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Thread: Additions to fixed assets

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    Additions to fixed assets

    I have a quick question on the capitalisation of fixed assets.

    I know that if the cost of an item for example a computer is less than R7000, it can be expensed directly to the income statement.

    Now I have a problem - What if a truck is bought in seperate parts - all below R 7000 - and then put together in the workshop. Total cost of all parts = R 150 000. Do I capitalise the R 150 000, or do I expense each part to the income statement?

    Thank you

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    The small item write-off allowance can't be applied to individual items of a set and the dining room set example comes to mind.

    You can't buy each chair and the table seperately and use the small item write-off allowance on each item. You have to apply the full cost when assessing if you can apply the allowance.
    The trouble with opportunity is it normally comes dressed up as work.

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    You should capitalise the R150,000

    The decision to expense or capitalise is seldom taken on the basis of value, rather on nature. The practise of expensing smaller acquisitions is actually based on the presumption that within one year, it will be worthless (have zero economic benefit), not on it's insignificant value, so to speak.

    Off the top of my head, your R7000 limit is somewhat high, possibly way high

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    Site Caretaker Dave A's Avatar
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    Quote Originally Posted by CLIVE-TRIANGLE View Post
    Off the top of my head, your R7000 limit is somewhat high, possibly way high
    Per interprative note 47 the small item write-off allowance threshold is R7 000.00 for the 2012 tax year.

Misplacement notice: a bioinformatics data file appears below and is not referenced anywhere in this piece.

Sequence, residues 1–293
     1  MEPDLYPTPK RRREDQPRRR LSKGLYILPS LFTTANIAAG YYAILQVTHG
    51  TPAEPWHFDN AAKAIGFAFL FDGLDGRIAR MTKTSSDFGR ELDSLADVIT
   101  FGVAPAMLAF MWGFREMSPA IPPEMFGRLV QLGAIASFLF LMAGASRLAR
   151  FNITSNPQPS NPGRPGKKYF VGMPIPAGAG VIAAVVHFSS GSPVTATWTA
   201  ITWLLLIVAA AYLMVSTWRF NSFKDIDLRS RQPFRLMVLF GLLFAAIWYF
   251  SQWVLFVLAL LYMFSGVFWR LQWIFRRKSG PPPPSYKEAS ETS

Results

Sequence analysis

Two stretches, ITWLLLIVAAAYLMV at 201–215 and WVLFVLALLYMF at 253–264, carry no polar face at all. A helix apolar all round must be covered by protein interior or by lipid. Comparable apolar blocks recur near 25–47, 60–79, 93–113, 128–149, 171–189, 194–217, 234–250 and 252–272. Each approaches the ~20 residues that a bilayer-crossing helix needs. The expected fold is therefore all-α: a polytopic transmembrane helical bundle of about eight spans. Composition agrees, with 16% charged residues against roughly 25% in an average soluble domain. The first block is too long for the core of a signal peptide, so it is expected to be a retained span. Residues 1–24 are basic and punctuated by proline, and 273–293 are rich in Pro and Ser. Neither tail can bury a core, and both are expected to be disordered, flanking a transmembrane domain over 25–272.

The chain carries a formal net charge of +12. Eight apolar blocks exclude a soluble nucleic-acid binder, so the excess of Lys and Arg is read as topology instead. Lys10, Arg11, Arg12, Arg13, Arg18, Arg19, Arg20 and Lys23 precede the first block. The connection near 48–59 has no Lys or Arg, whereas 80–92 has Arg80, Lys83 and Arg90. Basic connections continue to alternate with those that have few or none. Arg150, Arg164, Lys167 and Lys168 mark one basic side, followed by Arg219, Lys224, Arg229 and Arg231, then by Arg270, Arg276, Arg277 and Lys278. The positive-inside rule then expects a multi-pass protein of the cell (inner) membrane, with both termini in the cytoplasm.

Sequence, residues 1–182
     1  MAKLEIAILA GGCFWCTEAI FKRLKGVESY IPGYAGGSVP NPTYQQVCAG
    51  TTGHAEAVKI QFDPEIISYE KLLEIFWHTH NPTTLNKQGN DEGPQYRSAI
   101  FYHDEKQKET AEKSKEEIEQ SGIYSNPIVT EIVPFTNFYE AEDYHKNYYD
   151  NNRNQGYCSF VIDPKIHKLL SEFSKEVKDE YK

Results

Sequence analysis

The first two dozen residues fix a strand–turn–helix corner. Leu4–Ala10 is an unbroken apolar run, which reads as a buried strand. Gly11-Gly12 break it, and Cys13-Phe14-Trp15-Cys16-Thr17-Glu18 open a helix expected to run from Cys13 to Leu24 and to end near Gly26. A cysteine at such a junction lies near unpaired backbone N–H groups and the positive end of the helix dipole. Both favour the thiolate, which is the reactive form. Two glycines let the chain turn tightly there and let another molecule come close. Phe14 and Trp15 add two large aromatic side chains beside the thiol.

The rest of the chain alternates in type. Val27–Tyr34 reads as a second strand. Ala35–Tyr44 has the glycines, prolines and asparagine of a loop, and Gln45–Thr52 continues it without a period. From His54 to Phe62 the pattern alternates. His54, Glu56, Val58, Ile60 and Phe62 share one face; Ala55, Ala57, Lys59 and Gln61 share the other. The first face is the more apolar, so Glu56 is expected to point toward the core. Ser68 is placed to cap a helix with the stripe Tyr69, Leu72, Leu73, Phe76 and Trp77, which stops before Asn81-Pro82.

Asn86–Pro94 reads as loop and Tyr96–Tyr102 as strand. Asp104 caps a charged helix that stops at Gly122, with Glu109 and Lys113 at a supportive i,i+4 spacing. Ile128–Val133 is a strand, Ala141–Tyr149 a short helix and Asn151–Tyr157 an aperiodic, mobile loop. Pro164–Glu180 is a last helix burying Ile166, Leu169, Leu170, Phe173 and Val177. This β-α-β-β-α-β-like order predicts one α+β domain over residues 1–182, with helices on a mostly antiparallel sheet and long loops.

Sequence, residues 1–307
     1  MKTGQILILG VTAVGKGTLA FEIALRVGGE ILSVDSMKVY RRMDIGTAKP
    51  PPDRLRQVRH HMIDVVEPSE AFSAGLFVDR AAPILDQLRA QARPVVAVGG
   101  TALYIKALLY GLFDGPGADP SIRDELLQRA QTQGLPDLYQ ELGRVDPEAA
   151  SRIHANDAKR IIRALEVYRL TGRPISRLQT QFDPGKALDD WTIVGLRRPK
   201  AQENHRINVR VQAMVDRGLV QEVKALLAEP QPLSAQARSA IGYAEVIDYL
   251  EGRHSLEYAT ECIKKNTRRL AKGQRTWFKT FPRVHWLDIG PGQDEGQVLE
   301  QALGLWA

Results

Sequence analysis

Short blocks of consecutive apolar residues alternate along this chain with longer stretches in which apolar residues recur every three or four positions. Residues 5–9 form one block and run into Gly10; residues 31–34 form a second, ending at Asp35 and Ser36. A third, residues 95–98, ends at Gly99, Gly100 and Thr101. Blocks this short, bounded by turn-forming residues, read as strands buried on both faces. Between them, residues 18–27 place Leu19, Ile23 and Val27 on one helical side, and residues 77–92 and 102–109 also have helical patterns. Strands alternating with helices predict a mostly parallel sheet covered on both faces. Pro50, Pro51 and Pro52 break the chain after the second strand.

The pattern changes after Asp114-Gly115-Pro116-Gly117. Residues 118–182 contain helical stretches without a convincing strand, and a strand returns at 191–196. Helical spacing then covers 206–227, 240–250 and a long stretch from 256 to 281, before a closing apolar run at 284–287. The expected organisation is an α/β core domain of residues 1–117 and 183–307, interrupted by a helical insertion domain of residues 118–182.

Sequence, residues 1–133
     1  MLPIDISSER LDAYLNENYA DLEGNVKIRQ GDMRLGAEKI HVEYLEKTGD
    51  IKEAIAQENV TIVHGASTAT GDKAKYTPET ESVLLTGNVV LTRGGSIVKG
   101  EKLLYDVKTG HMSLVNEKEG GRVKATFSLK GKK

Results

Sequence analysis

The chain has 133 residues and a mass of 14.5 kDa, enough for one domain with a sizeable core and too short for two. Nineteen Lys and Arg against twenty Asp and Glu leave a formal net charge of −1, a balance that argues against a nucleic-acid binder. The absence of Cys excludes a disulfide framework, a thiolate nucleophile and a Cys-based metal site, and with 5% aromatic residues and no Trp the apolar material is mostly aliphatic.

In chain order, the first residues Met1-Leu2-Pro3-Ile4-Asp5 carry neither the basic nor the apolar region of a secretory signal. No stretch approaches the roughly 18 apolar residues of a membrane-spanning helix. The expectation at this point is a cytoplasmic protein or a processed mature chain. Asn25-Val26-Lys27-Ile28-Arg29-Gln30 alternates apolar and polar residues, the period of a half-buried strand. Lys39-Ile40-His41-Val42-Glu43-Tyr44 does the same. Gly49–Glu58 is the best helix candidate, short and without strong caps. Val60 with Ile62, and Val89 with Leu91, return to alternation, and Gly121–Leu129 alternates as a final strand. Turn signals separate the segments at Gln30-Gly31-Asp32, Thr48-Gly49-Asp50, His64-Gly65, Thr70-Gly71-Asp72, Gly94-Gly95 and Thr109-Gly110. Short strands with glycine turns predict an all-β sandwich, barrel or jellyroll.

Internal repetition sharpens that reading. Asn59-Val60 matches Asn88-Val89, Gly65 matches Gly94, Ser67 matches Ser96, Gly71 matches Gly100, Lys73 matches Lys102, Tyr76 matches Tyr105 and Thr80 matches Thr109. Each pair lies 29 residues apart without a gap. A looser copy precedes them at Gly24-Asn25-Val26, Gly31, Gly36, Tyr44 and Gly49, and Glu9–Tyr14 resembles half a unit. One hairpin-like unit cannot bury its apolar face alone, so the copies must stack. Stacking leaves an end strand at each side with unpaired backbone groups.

The trouble with opportunity is it normally comes dressed up as work.

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    Agreed Dave. But note that it is a capital allowance that allows you to write off wear and tear in full in the first year, which presumes that the spend was capitalized.

    The financial decision whether to capitalise or expense a spend is taken on other factors and I don't believe it would be appropriate to expense anything less than R7000 for most small businesses. Without knowing anything about the business concerned my view might be pedantic; it might well be immaterial in this case.

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    Ok - interesting point. And thinking about it, it's ultimately a contest between tax efficiency and simplicity.

    I suppose there is nothing preventing a business from capitalising the small items, but claiming the full write-off allowance in the first year for tax purposes.
    However, it does make tracking the tax position a little more complex.

    Not a problem where there is reasonably sophisticated financial accounting management in place, but does that generally apply to typical small businesses?
    Most often in small business KISS keeps them out of trouble.
    The trouble with opportunity is it normally comes dressed up as work.

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    Haha, it is never really simple.

    You need to distinguish, and keep separate record, of assets and their depreciation, and assets and their tax allowances. The resultant difference between book values and tax values, multiplied by the tax rate, is accounted for as a deferred tax liability, or asset.

    An example that we are all familiar with is the SBC concession where you can write off the full value of manufacturing plant and equipment on acquisition, and the remaining categories at 50/30/20.

    To do that in your financial records would be wholly inappropriate. If you make use of the concession you should account for the tax effect of the difference as deferred tax.

    The IFRS for SME's is the same in this regard as the normal IFRS, because the nature of capital expenditure (versus operating) is unaffected.

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    You've got me looking at my IT infrastruture now. I keep buying new bits and bobs and expensing them straight away because they're below the threshold - but they certainly add up to a fair chunk of change over the course of a year.
    The trouble with opportunity is it normally comes dressed up as work.

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    A truck have the parts of different costs and when you combine it will become very costly because of depends upon the performance and labor cost.

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    Ok, what if the individual assets that do not make up a bigger assets ie they are stand alone assets are individually below R7000 but the total invoice is greater that R7000 eg. I purchase 20 screens at R2000. Individually below, cumulatively R24000. Do I still write it off?

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